Dr. Tsesis describes the path he traversed from religious ignorance to strong belief in the Jewish religion. Tsesis assigns a special place to the proof of his conclusion that religion and science--especially in light of recent discoveries--are not antagonists, and are, in fact, in complete harmony, supplementing and not excluding each other. In the spirit of ecumenism Tsesis speaks about coexistence of different religions, which share the common objective of assurance of perpetual survival of the human race. The unifying theme of this book, however, is the beauty of the Jewish religion and a possible answer to the question of why we remain Jews.

Chicago Flashbulbs: A Quarter Century of News, Politics, Sports, and Show Business (1987-2012)

by Cory Franklin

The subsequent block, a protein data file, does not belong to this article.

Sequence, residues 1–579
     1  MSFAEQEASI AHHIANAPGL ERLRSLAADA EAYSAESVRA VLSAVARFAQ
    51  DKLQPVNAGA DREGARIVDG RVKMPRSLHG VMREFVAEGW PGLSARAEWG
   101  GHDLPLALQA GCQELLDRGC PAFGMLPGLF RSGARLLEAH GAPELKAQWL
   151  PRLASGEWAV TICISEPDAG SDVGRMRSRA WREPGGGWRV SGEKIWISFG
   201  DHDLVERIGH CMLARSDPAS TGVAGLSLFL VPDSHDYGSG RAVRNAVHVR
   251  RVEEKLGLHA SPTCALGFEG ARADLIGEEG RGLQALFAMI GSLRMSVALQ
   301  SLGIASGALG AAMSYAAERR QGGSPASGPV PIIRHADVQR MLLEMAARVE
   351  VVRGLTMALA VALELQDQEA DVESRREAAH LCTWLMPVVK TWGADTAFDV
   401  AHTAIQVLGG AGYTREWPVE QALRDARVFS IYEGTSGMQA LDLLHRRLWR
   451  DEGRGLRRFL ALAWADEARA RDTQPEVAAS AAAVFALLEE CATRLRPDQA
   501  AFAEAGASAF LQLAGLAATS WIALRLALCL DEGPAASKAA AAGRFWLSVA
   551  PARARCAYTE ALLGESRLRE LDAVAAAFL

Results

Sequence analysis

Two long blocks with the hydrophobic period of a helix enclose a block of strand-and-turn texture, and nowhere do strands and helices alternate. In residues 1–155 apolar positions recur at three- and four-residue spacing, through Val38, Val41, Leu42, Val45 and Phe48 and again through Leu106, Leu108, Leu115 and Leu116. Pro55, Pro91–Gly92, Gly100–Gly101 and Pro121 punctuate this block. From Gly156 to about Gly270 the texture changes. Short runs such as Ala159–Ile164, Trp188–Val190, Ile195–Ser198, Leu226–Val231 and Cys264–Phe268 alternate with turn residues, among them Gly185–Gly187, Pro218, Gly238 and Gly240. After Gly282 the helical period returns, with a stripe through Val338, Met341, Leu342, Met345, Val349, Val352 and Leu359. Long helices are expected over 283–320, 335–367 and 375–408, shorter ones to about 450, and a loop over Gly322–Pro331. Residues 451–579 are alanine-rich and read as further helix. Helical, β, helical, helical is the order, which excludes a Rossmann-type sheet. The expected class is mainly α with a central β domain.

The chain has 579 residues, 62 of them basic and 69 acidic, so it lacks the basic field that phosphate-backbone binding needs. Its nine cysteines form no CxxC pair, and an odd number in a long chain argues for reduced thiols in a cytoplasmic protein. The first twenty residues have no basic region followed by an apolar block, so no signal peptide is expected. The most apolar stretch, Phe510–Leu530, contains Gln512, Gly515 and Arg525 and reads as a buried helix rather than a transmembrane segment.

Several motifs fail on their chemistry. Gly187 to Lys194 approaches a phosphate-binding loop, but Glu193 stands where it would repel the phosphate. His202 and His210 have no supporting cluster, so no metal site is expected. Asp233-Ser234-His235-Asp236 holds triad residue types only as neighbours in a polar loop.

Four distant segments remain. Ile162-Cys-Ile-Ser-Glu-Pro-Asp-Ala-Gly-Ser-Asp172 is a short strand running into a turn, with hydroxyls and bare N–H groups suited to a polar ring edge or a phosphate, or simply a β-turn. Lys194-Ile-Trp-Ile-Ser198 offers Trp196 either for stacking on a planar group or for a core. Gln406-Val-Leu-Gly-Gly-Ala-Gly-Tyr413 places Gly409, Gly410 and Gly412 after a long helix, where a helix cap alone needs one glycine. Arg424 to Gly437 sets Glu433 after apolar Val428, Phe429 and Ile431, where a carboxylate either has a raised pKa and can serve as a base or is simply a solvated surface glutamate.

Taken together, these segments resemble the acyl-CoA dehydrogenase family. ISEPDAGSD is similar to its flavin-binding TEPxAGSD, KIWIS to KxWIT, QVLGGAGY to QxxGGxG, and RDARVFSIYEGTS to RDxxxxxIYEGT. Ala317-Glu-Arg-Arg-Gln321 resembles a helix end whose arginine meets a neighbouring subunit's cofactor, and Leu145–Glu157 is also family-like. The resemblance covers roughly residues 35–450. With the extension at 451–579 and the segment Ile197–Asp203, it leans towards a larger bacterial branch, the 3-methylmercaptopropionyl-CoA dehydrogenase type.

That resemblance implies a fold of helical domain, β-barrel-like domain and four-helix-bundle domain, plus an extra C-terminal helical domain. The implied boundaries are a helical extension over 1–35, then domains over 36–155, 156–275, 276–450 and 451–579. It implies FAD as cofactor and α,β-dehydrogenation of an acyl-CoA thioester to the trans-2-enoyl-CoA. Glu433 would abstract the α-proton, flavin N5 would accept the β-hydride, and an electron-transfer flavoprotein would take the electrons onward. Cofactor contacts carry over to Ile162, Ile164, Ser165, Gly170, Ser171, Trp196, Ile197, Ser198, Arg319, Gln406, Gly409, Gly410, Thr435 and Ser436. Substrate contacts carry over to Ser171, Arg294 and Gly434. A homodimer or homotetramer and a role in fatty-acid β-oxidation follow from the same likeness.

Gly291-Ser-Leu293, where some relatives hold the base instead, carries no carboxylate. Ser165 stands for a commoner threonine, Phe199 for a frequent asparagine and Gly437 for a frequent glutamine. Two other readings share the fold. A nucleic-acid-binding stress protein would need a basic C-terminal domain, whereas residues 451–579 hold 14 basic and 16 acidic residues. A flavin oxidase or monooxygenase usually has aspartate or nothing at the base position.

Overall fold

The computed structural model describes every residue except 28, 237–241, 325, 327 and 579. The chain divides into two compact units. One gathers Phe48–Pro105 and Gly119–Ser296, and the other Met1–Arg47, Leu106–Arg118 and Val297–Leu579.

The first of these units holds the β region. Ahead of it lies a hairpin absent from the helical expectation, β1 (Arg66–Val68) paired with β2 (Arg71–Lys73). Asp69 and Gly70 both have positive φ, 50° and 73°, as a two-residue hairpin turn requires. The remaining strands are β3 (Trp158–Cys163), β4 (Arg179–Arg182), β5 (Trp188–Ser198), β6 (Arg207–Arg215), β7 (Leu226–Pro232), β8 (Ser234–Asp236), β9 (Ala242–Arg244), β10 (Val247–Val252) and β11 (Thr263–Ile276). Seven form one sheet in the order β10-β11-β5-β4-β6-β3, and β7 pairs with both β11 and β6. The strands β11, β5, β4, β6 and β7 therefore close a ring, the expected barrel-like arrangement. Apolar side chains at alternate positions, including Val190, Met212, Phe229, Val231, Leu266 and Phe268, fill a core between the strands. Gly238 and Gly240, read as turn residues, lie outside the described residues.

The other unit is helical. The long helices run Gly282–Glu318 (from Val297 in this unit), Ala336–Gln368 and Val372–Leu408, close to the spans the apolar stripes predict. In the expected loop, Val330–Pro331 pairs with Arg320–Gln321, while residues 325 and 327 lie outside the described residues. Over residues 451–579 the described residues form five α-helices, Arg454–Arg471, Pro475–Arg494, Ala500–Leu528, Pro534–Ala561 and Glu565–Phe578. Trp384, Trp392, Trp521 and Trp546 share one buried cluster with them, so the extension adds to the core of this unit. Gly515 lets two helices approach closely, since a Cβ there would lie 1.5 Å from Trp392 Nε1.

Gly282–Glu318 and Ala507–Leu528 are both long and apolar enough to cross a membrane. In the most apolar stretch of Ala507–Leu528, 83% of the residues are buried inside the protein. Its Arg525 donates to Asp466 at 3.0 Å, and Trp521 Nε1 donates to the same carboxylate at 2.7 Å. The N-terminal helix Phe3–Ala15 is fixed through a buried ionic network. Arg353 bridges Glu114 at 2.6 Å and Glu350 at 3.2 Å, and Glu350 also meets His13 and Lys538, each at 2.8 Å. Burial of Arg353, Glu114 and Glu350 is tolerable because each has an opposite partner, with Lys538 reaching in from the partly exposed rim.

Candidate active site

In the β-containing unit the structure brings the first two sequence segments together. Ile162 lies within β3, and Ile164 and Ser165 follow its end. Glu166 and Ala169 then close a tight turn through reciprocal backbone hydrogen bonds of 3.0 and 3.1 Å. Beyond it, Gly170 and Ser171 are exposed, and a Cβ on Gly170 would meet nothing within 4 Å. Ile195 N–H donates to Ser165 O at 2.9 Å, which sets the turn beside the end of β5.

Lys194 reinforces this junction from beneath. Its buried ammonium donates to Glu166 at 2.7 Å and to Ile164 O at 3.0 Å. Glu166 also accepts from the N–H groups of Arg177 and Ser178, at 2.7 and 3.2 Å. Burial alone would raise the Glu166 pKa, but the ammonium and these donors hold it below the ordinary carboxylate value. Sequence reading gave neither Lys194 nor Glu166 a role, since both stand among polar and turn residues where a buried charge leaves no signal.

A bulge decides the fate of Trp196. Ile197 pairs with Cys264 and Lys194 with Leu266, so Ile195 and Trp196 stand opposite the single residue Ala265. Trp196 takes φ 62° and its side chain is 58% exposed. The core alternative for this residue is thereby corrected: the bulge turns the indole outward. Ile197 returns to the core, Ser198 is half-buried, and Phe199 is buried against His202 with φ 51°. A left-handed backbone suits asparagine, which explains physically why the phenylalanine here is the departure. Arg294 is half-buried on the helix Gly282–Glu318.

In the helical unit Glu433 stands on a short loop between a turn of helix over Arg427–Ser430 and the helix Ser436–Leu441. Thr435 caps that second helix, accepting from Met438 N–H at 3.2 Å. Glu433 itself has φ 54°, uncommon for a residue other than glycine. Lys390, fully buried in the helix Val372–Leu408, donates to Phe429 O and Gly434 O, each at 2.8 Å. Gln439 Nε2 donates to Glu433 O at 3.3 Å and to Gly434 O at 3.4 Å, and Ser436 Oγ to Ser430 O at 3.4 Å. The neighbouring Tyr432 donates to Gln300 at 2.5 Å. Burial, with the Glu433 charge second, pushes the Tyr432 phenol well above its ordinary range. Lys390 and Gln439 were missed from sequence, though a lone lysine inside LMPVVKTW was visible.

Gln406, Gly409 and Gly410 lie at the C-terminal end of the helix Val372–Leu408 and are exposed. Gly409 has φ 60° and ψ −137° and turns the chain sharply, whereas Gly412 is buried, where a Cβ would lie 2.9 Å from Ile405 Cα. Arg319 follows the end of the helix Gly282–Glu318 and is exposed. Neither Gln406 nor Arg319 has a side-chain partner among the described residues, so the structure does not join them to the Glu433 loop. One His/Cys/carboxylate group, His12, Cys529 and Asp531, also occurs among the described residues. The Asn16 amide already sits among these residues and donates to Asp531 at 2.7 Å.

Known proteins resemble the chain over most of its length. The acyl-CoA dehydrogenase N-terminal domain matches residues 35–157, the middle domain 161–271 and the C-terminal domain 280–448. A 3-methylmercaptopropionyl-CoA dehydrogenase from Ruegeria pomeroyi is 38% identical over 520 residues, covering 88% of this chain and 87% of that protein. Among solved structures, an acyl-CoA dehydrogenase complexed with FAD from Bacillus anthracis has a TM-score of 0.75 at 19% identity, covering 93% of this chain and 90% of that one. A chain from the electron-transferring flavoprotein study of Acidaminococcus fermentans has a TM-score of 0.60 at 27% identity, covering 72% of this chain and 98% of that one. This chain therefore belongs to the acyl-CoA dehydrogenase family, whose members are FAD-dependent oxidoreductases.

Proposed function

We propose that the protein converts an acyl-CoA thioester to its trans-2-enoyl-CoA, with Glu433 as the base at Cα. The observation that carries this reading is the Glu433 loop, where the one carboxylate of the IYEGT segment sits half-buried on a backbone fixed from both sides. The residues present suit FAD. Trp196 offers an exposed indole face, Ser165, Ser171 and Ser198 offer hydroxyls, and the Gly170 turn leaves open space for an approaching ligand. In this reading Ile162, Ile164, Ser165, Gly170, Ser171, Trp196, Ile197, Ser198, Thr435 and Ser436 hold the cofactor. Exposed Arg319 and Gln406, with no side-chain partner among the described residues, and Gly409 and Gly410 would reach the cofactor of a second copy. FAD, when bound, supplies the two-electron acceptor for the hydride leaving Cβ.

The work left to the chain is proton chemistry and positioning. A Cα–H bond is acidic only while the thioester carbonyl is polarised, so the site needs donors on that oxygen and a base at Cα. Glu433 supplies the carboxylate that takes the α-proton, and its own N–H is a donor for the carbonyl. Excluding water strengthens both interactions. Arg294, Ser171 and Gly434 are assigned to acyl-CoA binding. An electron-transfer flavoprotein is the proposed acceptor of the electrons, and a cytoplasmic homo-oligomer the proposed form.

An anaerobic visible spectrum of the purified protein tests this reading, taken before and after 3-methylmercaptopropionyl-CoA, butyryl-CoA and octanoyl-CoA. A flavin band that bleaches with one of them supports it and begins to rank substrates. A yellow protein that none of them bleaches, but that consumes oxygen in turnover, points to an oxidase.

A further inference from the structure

"There is always a place for well-crafted, entertaining and informative essays and Chicago Flashbulbs fills that niche. Dr. Franklin's great enthusiasm and insights make these varied pieces both entertaining and memorable. His attention to detail in observing the human condition and his wry sense of humor will draw the reader in." - Howard Nearman, MD, MBA, Cascorbi Professor/Department Chair, Case Western university "Chicago Flashbulbs is filled with characters you want to read about: from hardworking teachers to a Princess; faded Hollywood legends, inspired physicians, rock stars and sports heroes. There are gripping accounts of the tragedy of wars, disease and man-made disasters as well as essays on the absurdity and humor of everyday life. The virtuous are celebrated while the pompous are revealed, as they should be." -Cynthia Kelly Conlon, JD, PhD, Adjunct Faculty, Northwestern university, School of education and Social Policy "These essays are custom-crafted for the news and nostalgia junkie which appeared in the op-ed page of the Chicago Tribune and in other publications. They are colorfully recounted stories of the high-born, the low-born and some who wished they had never been born. Readers will find themselves drawn into the subjects' lives." - Lt. Colonel Jim Nicholson, uS Army reserve (ret.), Former investigative reporter, Philadelphia Daily News, Author of Because No One Else